There are a few exceptions which allow property to be considered separate property including:
- Property acquired before marriage
- Property either spouse acquired from someone other than each other by gift or inheritance
- Compensation for personal injuries
- Property spelled out as personal property in a prenuptial agreement, or other written contract
- Property acquired from the proceeds or appreciation of separate property insofar as the appreciation didn’t involve a contribution or effort by the other person
Allocation of a business owned prior to the marriage can bring its own set of challenges if it wasn’t addressed in a prenuptial agreement. Though value prior to the marriage is considered separate property, there are certain aspects which can be considered marital property, and subject to equitable distribution.
- Marital funds transferred to the business
- Labor contributed to the business by the non-owner spouse
- Appreciation of the business during the marriage
- Enhancements such as professional licenses, and education achieved during the marriage
Also, labor contributions by the owner-spouse will be considered when determining how to equitably distribute the business. As such, it’s important to ensure the business is valued accurately at both the beginning and end of the marriage, and that labor contributions by both spouses are valued appropriately.
Appreciation of the business may also be considered allocable. As some spouses may try to hide or deflate assets, especially in a closely held business, hiring a forensic accountant can help ensure all aspects of the marital portion of the business are included, and valued correctly.
Choose Your Tax Filing Status Wisely
Although it’s possible for an uncontested divorce to take as little as six months, it’s more likely yours will take a year or more from start to finish. As such you and your spouse must also agree on tax filing status until the divorce is final, in the event you are still legally married on December 31. You must both sign a document if you wish to submit your returns as Married, filing jointly. Otherwise, you must use the filing status:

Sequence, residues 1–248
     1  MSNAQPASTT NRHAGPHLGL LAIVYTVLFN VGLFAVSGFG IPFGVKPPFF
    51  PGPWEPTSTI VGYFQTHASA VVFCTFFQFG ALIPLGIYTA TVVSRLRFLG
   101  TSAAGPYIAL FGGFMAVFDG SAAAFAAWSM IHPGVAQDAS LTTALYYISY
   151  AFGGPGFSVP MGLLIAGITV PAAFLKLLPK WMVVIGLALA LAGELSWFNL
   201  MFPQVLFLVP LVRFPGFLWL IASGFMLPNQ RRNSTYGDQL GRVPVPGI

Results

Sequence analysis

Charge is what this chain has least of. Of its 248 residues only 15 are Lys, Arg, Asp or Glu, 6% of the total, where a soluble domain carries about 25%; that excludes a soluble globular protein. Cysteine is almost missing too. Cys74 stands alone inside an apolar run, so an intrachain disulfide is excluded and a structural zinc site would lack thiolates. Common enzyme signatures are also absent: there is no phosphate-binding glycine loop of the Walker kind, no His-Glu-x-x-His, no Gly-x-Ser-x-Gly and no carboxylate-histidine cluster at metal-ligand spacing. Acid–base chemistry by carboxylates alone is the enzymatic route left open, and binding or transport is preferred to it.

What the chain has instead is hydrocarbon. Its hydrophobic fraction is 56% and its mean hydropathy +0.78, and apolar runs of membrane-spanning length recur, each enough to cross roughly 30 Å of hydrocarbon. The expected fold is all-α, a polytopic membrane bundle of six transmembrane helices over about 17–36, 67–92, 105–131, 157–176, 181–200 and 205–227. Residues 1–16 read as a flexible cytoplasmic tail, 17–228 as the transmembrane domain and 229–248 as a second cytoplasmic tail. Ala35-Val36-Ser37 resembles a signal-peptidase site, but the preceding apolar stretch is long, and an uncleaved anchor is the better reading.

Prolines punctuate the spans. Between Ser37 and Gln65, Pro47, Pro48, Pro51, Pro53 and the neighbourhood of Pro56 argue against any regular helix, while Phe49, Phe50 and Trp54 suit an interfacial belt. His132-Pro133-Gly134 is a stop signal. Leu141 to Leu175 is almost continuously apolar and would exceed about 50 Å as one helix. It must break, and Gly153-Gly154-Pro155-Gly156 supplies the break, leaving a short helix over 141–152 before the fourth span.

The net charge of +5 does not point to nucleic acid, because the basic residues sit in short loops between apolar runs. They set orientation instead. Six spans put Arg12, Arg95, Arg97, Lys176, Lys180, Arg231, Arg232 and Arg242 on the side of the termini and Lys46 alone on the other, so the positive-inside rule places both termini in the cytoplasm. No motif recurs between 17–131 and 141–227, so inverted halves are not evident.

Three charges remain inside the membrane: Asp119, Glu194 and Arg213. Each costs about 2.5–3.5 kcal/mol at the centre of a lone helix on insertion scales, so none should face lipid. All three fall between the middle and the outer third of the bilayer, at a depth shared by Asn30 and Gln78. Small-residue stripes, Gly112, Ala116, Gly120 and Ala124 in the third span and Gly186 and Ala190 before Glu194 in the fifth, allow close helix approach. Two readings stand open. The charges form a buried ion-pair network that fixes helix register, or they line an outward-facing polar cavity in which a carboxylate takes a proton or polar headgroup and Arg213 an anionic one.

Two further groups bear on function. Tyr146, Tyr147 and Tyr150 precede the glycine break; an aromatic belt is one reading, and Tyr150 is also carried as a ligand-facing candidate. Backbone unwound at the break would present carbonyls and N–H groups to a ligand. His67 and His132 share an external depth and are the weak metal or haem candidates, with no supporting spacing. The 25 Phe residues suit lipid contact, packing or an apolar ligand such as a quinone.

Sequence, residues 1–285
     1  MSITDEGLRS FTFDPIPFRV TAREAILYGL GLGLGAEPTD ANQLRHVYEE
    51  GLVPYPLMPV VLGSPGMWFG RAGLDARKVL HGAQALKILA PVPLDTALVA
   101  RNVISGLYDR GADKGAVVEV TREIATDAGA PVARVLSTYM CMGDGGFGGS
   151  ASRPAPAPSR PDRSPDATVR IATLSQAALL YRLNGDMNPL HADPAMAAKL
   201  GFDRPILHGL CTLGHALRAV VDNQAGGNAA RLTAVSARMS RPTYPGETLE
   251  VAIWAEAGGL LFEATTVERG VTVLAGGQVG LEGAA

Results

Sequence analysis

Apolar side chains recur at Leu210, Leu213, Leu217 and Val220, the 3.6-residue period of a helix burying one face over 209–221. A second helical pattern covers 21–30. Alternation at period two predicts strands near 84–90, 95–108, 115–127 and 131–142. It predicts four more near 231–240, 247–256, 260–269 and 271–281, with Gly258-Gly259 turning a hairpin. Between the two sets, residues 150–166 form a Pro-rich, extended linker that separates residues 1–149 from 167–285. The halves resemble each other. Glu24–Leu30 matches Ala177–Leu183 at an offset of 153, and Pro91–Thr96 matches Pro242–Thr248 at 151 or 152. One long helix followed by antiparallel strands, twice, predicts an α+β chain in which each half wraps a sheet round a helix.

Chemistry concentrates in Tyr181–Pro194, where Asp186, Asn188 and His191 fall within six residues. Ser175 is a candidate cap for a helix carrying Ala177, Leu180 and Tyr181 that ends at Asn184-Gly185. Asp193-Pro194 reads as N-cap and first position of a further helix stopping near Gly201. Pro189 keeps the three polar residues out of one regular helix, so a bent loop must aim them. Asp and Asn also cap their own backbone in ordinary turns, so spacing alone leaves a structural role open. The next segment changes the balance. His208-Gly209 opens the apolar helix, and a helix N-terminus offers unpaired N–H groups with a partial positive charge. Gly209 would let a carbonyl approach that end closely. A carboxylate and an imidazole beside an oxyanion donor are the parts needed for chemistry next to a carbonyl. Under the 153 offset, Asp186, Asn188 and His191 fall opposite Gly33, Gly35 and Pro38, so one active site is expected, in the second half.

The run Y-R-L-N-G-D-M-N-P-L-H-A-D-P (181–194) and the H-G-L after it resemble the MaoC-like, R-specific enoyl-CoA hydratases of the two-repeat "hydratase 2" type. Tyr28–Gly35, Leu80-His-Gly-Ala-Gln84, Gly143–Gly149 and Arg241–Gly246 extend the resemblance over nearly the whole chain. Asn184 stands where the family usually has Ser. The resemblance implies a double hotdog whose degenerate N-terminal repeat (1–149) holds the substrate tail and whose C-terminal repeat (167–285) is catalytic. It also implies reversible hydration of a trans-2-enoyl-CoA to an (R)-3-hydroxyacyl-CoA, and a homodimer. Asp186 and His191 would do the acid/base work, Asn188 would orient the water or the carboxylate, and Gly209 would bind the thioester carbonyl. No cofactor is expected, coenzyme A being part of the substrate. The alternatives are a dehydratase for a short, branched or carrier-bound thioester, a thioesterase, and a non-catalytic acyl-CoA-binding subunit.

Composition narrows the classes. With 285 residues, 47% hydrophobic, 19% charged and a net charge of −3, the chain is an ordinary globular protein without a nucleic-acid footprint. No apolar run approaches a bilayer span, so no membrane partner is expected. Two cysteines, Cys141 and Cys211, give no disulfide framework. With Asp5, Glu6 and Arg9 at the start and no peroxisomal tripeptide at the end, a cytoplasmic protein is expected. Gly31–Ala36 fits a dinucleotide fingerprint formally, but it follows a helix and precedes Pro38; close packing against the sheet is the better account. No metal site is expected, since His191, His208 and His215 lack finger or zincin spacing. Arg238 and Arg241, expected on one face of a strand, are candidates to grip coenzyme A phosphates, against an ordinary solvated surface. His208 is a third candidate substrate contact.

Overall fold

- Married filing separately, or
- Head of Household
Your tax preparer is your best resource when determining which status will be in your best interests, as well as which spouse, if either, can file as Head of Household. Only when you file for legal separation instead of divorce, and it is approved by the court by December 31, can you file as Single instead of Married, filing separately.
If part of your settlement involves selling the family home, each person is entitled to deduct up to $250,000 for capital gains purposes. Timing of the sale can have a positive or negative impact on the exclusion. An informed decision will protect your share of the sale and help maximize your tax benefits.
HKMP can review your assets, liabilities, and income to help maximize your tax benefits. Thus enabling you to make the best decisions possible under challenging circumstances. Divorce is expensive, financially, and emotionally. The last thing you need to deal with are post-divorce tax consequences.